SHREVEPORT, La. (KSLA) - Clyde Fant Parkway will stay quiet this year. Beads won’t hang from trees or street poles. Hundreds of thousands of people won’t await ornate floats to pass.
Yes, Mardi Gras across Northwest Louisiana just isn’t the same in 2021. Though the culprit is invisible, its presence is seen in exhausted hospitals across the ArkLaTex and around the world.
But, for Corky Bridges, the parade chairman for the Krewe of Centaur, spirits remain high - even though he has no parade to plan.
“I like to think my cup is half-full, it’s never half-empty,” he said. “Normally, I would be knee-deep in parade planning with the city, the parade task force, SPAR, city police, city fire.”
In November, the City of Shreveport announced it would not be approving any parade permits during the first quarter of 2021 due to the pandemic.
The Krewe of Centaur, an organization with 750 members, according to Bridges, should be celebrating its 30th year. But, for now, parties and gatherings are on pause for obvious reasons.
“We pride ourselves on putting on a fabulous show for the citizens of Shreveport,” Bridges said. “The members themselves believe in Centaur, it’s rooted deep in every one of them.”
However, the Krewe of Centaur is not simply pretending the events of 2020 never occurred. Instead, Bridges said his Krewe re-worked its theme to reflect the times.
“I feel blessed that my idea is what ended up being this year’s theme: ‘29 and Holding.’”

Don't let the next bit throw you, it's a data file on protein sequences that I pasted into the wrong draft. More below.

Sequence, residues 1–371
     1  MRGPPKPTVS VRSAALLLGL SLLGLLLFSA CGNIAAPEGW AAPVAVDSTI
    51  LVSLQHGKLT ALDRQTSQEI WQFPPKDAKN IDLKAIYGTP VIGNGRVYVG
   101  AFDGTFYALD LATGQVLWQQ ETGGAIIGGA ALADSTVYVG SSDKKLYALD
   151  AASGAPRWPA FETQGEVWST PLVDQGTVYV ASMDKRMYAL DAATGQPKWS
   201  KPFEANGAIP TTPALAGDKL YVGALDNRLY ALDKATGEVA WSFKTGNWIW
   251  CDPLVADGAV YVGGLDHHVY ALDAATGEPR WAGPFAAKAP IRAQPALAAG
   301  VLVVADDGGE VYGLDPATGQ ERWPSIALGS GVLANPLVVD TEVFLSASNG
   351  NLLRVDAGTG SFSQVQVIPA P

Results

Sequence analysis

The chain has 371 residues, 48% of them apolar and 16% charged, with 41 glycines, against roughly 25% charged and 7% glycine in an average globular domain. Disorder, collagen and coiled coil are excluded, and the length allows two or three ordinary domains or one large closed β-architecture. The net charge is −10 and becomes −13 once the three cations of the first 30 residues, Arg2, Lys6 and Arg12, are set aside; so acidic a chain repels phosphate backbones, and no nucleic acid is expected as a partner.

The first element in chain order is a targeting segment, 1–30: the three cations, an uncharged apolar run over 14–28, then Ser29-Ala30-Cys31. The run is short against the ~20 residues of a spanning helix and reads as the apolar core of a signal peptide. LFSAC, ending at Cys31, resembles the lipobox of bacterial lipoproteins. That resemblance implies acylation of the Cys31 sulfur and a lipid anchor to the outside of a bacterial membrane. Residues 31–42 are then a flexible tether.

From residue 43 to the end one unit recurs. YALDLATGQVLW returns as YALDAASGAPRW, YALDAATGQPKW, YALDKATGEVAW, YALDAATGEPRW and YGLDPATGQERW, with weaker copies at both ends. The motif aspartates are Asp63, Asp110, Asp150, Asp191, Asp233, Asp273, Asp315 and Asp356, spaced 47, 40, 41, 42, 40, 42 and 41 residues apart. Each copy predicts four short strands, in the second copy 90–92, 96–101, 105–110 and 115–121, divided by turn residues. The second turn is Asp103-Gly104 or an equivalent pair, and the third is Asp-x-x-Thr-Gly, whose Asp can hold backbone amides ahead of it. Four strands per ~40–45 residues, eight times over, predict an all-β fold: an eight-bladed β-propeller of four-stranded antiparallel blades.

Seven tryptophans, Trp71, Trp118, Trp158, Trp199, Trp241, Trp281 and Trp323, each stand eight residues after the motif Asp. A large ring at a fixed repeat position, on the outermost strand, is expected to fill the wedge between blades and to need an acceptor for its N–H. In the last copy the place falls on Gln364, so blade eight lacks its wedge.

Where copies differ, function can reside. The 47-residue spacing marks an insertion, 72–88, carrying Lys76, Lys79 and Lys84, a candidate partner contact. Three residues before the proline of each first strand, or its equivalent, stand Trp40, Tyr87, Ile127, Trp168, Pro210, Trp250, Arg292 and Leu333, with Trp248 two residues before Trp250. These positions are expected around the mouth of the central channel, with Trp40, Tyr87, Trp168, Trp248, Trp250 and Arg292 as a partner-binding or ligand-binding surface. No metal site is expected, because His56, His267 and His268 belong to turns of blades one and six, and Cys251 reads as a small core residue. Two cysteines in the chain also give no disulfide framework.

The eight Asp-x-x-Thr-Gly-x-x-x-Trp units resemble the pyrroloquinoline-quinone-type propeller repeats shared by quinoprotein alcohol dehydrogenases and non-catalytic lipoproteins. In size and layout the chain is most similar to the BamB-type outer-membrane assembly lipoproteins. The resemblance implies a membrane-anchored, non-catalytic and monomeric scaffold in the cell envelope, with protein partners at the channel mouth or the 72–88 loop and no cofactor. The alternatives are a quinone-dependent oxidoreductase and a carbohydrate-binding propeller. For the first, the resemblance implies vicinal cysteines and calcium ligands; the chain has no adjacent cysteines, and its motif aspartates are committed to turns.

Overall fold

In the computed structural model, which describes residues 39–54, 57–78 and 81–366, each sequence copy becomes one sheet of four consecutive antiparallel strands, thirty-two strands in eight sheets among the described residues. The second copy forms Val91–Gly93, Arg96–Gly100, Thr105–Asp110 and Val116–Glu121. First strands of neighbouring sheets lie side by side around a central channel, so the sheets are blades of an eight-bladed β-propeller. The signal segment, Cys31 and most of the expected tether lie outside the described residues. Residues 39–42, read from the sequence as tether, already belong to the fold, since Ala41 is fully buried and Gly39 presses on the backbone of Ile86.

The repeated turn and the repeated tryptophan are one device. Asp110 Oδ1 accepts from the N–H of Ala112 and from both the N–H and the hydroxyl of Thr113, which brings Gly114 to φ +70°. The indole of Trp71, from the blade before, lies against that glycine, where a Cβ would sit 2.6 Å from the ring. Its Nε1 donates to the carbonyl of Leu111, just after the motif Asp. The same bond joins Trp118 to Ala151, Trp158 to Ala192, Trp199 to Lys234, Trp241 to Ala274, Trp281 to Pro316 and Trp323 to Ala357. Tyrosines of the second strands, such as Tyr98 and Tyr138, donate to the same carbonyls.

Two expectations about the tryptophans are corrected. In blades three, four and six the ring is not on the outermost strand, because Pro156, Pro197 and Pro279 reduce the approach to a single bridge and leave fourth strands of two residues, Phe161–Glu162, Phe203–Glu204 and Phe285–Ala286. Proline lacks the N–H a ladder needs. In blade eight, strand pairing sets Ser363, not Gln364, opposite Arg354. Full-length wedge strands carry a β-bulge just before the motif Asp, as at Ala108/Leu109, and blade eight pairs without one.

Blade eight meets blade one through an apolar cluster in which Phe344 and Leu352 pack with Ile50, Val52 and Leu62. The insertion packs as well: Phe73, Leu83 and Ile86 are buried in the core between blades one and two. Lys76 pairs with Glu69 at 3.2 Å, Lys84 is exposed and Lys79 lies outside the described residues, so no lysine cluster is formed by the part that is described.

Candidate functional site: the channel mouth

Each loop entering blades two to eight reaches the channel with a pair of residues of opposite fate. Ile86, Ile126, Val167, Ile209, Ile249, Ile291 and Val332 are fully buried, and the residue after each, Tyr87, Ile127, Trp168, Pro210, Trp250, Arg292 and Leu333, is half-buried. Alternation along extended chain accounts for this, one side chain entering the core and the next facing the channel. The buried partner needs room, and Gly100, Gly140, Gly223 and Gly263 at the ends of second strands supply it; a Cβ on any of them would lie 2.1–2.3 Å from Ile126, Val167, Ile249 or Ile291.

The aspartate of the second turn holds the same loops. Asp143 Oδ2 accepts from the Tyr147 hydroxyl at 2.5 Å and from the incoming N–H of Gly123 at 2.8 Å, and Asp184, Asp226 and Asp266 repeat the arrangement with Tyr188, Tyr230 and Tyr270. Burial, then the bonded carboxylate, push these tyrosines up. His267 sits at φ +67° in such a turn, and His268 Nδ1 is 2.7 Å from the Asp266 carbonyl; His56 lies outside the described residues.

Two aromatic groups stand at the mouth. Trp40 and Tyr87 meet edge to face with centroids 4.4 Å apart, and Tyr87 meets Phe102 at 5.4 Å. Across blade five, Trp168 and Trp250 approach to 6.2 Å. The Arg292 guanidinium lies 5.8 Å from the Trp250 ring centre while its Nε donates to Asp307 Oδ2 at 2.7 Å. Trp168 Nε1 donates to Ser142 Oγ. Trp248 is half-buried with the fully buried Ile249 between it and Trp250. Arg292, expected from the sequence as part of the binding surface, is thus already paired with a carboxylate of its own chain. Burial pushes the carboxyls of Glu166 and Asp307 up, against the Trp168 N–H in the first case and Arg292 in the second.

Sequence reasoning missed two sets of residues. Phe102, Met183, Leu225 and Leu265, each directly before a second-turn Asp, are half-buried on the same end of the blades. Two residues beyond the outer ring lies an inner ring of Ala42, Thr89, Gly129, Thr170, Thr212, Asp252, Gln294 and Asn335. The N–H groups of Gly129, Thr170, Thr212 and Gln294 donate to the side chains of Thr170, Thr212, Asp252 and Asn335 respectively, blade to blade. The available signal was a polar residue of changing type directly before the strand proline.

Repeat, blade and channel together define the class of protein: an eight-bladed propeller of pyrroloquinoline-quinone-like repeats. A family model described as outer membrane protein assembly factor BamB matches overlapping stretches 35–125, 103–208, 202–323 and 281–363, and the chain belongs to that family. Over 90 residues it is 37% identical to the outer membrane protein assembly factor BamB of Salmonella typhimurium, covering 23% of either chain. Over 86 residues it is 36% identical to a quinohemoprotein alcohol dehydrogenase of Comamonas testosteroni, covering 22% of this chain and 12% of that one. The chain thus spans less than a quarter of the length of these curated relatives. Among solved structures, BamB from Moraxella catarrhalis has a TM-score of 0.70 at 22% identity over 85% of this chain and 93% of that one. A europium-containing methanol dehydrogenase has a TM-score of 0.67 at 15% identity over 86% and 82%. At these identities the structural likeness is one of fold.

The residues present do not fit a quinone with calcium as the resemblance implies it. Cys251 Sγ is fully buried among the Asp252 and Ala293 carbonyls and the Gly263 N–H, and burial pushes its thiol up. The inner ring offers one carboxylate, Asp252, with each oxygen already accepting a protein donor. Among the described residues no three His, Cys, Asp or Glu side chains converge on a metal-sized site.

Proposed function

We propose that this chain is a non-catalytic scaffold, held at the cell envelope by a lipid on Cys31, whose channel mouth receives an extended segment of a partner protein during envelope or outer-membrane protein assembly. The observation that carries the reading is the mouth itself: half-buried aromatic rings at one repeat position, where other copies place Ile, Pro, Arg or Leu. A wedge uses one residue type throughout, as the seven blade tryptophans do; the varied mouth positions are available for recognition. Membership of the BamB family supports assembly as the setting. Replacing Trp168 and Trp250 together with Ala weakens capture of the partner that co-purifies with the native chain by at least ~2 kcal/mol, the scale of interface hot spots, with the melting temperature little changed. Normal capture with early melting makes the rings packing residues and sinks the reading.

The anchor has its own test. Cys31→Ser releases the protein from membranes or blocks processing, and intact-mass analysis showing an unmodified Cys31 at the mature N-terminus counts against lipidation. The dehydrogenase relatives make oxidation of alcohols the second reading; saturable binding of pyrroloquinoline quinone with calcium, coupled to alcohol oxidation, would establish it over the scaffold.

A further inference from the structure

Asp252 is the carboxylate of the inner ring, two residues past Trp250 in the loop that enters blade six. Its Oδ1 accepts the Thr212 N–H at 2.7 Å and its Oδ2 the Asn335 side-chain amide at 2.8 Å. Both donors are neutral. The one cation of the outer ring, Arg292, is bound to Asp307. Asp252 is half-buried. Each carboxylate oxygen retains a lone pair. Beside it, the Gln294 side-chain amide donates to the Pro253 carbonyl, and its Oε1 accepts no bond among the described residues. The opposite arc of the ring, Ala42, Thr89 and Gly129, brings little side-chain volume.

The Krewe’s 2021 poster has all of the markings of 2020, including a mask, rolls of toilet paper, and the infamous red-crowned coronavirus icon.
“I think our community is looking for something to celebrate,” Bridges explained.
There seems to be a silver lining amidst the parade-less Mardi Gras, Bridges added, explaining the circumstances have allowed Centaur to focus more on giving back to the community.
“We adopted a Catholic church cemetery down the street from us on North Market, we’ve taken on the task of beautifying that place,” Bridges said. “We donated I want to say about $4,800 to the Toys-For-Tots program this year.”
Of course, the Krewe of Centaur is not alone in mourning Mardi Gras 2021. So is the local economy.
According to a report examining the economic impact of the 2019 Mardi Gras parades, an estimated $23 million was injected into the local economy.
“Collectively, during the Mardi Gras season, the City of Shreveport and Bossier, for that matter, sees a drastic increase in revenue,” Bridges said. “Unfortunately, with the cancellations, you won’t see that this year.”
But, with over 200 thousand Louisianans having received at least a dose of the COVID-19 vaccine, and with vaccinations continuing into the indefinite future, Bridges is hopeful that Mardi Gras 2022 will contain two years’ worth of joy.
“We’re going to make a comeback,” he said, with a hopeful grin on his face. “I think we’re going to break records...and I think next year you’ll see a huge outpouring of love and support.”